In drafting the Executive Order [to set up the War Refugee Board], we tried to be inclusive of all the
people that were under stress and fear of life because of the Germans. We not
only were anxious to help people escape from the Germans, but we were urging
other countries to take refugees in. And we felt that unless we did something
ourselves in the United States, it was a pretty hollow thing.|
So we proposed to bring some refugees in outside the quota and we finally got
permission to do this. And we put them in an Army camp in Oswego, New York,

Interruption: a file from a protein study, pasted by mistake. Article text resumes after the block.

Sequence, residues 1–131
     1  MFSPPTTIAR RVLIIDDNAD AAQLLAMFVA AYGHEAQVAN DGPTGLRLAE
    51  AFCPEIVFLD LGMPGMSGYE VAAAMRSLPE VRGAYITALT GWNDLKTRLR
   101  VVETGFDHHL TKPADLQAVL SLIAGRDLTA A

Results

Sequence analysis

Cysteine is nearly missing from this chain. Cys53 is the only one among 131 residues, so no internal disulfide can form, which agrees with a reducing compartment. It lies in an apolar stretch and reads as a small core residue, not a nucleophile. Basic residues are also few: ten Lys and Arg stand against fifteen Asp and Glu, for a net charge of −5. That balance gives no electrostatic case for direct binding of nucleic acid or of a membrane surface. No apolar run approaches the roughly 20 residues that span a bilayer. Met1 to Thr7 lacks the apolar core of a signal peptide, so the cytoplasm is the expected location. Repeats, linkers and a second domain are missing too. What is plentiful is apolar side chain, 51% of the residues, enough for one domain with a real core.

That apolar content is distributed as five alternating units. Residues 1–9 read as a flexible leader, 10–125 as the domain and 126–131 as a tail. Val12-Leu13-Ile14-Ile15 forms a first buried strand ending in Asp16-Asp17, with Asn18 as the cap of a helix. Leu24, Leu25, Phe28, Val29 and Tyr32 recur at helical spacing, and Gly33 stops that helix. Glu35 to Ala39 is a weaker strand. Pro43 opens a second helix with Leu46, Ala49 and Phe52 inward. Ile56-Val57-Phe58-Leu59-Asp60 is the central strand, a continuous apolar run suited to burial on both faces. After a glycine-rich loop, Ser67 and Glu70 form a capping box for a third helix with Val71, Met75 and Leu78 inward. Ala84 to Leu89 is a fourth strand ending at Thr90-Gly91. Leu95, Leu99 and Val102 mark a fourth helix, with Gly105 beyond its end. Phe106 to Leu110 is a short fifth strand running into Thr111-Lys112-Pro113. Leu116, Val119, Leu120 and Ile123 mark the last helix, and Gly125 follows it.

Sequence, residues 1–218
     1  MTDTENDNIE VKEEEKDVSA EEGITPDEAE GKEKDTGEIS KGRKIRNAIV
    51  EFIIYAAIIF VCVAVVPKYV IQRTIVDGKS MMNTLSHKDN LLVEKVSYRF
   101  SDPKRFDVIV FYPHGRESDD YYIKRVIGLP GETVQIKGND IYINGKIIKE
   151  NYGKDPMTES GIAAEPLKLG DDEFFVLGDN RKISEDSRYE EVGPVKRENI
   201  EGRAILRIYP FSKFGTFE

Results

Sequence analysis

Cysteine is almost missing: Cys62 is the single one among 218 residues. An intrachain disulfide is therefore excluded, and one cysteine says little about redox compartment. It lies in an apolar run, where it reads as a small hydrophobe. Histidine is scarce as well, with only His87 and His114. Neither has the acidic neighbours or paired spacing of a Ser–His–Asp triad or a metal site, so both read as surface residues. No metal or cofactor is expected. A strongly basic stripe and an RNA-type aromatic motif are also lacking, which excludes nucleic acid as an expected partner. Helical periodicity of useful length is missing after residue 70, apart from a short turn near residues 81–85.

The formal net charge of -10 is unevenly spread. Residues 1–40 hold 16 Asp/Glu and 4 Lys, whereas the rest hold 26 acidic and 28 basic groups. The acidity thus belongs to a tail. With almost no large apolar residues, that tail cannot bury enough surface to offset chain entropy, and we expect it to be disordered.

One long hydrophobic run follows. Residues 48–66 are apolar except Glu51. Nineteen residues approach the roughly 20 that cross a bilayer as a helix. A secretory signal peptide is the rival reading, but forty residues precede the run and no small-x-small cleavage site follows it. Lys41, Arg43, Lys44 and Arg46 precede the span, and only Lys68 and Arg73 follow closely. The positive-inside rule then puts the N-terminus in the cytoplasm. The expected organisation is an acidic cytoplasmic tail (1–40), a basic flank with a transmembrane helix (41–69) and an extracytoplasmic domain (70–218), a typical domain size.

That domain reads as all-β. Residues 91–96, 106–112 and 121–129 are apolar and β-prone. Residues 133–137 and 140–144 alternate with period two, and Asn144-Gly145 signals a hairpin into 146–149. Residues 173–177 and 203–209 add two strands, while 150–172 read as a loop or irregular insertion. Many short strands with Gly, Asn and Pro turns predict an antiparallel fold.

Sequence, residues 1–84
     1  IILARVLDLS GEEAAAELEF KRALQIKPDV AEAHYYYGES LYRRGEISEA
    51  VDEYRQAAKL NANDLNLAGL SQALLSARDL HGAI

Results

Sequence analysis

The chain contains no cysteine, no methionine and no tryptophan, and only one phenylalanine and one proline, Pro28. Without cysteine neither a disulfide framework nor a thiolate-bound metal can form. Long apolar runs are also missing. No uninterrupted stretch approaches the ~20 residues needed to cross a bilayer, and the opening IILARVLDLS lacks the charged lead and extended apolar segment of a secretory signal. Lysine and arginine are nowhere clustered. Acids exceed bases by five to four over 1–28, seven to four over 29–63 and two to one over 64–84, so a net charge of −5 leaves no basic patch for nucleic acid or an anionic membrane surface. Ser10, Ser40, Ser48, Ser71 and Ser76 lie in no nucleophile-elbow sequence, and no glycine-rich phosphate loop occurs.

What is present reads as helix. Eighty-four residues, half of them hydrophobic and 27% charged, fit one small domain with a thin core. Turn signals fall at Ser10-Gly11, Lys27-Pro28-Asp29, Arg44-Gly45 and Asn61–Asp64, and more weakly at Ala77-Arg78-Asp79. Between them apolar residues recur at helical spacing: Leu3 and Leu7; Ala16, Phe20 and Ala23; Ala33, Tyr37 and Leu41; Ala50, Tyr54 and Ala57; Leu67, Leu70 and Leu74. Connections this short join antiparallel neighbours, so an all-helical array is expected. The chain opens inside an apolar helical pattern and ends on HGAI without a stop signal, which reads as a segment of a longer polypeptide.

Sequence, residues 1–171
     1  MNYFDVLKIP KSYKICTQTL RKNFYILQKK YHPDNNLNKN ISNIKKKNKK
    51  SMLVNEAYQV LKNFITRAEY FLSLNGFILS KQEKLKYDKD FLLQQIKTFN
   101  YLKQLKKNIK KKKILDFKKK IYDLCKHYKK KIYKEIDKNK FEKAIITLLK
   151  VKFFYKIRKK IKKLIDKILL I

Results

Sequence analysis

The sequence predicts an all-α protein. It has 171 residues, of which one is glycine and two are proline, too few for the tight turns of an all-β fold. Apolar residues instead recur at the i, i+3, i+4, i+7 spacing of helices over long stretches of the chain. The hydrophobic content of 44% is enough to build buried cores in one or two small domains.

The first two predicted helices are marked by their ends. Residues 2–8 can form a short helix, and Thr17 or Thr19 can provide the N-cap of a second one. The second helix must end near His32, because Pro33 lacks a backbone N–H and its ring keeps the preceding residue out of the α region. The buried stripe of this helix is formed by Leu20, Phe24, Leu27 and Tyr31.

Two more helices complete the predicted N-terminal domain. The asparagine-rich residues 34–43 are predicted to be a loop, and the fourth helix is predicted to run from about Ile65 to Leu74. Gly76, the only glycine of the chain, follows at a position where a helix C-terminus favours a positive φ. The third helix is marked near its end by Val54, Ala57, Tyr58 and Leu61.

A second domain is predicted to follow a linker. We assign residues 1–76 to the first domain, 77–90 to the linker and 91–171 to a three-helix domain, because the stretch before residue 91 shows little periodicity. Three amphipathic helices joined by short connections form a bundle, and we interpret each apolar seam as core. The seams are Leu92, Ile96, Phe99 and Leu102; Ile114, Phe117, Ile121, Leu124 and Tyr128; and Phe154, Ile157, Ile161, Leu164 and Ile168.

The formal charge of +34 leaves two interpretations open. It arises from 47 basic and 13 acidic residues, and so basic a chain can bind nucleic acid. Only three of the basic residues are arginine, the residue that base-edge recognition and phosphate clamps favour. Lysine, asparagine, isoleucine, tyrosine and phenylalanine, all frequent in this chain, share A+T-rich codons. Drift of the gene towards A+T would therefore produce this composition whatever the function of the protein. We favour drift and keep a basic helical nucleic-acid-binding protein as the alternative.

which the President agreed to and sent a message to Congress telling Congress
what he had done, and saying they would be sent back after the War.
We recognized when the Board was established that it was very late, and that
there were limits to what we could do given the military situation. But it was
important that it was established and it was important that some of the things
that we were able to do and the cooperation we were able to get from other
agencies and from the private agencies, we were able to help.
Looking back at the Board, I recognized that it was too late when it was
established and the
resources available were too small to deal effectively with the problem. But we
were able to change the policy of the United States, and we were able to help
the private agencies, and we were able to change the moral position of the United States in this area.
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